The first lady toured the state-of-the-art mobile unit while speaking with Dr. Susan Vadaparampil, associate center director of Community Outreach, Engagement and Equity, and Dr. Jane Messina, vice chair of Anatomic Pathology, about the importance of reaching people and being present in diverse communities, especially those at higher risk for skin cancer.
“This center has been leading the charge in terms of cancer prevention for a number of years,” said Vadaparampil. “We’re actually providing ideas about how the rest of the country needs to do it. Moonshot 2.0 is an opportunity for us to really accelerate and even move further ahead of the pack.”
The first lady also met melanoma survivor and patient advocate Jackie Smith, who underwent a clinical trial at Moffitt to save her life after a lump in her groin was overlooked for years. Smith, a Black woman, now advocates for the importance of skin screenings, especially for people of color. For many of the most common types of cancer, incidence and/or death rates are higher among Black people than other racial and ethnic groups.
Extending Our Reach into the Community
Addressing these kinds of disparities and health inequities is a top priority for Moffitt’s Department of Health Outcomes and Behavior. Led by senior members Dr. Clement Gwede and Dr. Cathy Meade, this team is focused on reenergizing the community to prioritize cancer screenings following the decline during the pandemic. One of these areas is colorectal screenings.
Gwede and Meade emphasized how colorectal cancer is increasing in younger age groups and represents a substantial area of cancer disparity in the Black community. Moffitt has been collaborating with trusted community partners, like Suncoast Community Health Centers, for more than 20 years on numerous research and outreach activities dedicated to developing culturally appropriate strategies to reach those in greatest need.
Faculty members from Moffitt’s Department of Integrated Mathematical Oncology also met the first lady. Within this team are biologists, physicists, mathematicians and computer modelers that collaborate with Moffitt physicians and scientists to answer some of cancer’s biggest questions. It’s the first collaboration of its kind in the world that uses math combined with an integrated approach of theory and experiments to identify ways to treat cancer as a chronic disease.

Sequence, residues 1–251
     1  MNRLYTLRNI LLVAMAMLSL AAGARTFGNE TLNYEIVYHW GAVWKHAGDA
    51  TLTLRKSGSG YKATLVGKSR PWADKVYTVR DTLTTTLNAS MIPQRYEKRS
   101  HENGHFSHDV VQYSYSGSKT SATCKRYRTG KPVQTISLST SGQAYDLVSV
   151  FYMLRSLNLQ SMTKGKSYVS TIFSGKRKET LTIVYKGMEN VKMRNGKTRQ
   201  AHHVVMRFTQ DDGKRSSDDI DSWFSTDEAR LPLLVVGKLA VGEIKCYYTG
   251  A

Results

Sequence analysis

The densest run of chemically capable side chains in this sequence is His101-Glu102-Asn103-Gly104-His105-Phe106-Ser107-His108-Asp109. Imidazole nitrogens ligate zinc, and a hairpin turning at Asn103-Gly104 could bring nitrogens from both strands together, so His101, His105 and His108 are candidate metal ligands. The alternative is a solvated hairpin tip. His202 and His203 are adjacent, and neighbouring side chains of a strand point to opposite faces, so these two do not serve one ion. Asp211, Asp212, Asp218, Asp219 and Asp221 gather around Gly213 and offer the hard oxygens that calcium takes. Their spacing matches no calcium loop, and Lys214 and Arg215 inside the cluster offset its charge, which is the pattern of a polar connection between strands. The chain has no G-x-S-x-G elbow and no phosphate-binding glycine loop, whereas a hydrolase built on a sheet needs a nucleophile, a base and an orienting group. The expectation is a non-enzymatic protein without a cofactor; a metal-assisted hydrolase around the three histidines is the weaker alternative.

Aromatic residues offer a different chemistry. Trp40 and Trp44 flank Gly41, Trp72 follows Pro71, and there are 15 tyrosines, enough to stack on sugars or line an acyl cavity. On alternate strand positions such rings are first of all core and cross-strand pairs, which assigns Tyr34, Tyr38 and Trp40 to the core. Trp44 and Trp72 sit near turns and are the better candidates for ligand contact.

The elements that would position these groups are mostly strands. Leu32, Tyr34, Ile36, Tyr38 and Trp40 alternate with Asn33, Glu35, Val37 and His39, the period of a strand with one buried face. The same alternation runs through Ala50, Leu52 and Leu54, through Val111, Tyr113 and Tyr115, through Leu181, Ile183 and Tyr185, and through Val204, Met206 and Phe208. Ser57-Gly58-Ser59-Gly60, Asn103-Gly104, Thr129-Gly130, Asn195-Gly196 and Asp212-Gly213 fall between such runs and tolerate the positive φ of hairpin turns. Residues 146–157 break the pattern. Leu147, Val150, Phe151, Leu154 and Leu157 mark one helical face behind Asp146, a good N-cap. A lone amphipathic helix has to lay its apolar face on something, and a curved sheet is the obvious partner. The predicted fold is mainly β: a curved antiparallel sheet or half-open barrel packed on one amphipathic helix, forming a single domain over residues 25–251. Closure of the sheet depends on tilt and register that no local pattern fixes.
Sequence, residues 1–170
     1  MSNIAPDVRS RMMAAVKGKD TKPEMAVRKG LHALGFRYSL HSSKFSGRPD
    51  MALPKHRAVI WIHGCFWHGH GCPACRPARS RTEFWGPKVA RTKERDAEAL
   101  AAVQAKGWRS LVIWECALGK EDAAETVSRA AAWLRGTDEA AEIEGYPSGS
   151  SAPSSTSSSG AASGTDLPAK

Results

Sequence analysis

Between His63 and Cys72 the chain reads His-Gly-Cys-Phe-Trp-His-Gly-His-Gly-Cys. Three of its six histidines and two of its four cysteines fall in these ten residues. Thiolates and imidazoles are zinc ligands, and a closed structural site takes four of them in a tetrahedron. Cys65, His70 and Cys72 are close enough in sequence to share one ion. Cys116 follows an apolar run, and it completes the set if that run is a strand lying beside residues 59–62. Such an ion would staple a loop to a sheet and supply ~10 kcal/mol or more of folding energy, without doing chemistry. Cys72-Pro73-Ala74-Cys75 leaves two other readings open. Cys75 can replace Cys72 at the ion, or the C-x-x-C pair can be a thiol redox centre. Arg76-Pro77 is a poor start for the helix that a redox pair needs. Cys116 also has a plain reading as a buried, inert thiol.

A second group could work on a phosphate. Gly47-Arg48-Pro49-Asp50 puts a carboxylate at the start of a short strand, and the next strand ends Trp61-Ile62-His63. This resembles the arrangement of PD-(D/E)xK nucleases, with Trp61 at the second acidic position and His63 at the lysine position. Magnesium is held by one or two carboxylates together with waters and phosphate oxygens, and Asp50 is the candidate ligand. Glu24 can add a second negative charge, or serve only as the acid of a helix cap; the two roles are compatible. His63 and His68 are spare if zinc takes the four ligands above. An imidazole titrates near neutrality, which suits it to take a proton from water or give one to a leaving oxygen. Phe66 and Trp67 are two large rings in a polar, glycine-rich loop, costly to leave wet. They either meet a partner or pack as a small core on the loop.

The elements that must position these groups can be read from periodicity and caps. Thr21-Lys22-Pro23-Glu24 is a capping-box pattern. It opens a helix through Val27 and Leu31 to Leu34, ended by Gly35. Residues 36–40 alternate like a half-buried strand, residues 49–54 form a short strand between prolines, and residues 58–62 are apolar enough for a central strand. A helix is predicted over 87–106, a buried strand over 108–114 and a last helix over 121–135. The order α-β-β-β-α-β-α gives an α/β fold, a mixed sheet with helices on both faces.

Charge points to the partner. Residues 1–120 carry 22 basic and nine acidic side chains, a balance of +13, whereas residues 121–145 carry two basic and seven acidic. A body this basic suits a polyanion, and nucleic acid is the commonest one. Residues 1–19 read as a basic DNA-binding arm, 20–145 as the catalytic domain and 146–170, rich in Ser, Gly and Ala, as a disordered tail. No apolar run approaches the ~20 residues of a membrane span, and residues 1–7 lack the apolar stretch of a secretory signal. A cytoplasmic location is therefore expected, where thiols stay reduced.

Dr. Sandy Anderson, Dr. Joel Brown, Dr. Heiko Enderling, Dr. Bob Gatenby and Dr. Katarzyna Rejniak are raising the next generation of mathematicians and motivating potential aspiring scientists through an eight-week mathematical oncology internship program for high school students. The group also has a unique partnership with Dartmouth University where students majoring in math can spend a semester at Moffitt working with an IMO mentor to conduct their own research.
Dr. Biden's visit is really inspirational,’ said Dr. Cleveland. “This is a terrific honor and highlights the importance of the work we’re doing at Moffitt and in the community. In 35 years, we’ve become a remarkable center and it’s really showing in the superior outcomes for the patients we treat. We are very responsive to this mission to prevent cancer and improve screenings.”
Since losing their son Beau to brain cancer in 2015, the Bidens have championed a national commitment to cancer research and prevention. The first lady has made cancer a priority initiative aiming to “work on behalf of American families confronting cancer, focusing on supporting cancer patients and their loved ones; urging Americans to prioritize their cancer screenings; and reducing health inequities.”
MORE COVERAGE: Here’s the Moffitt team that met with Dr. Jill Biden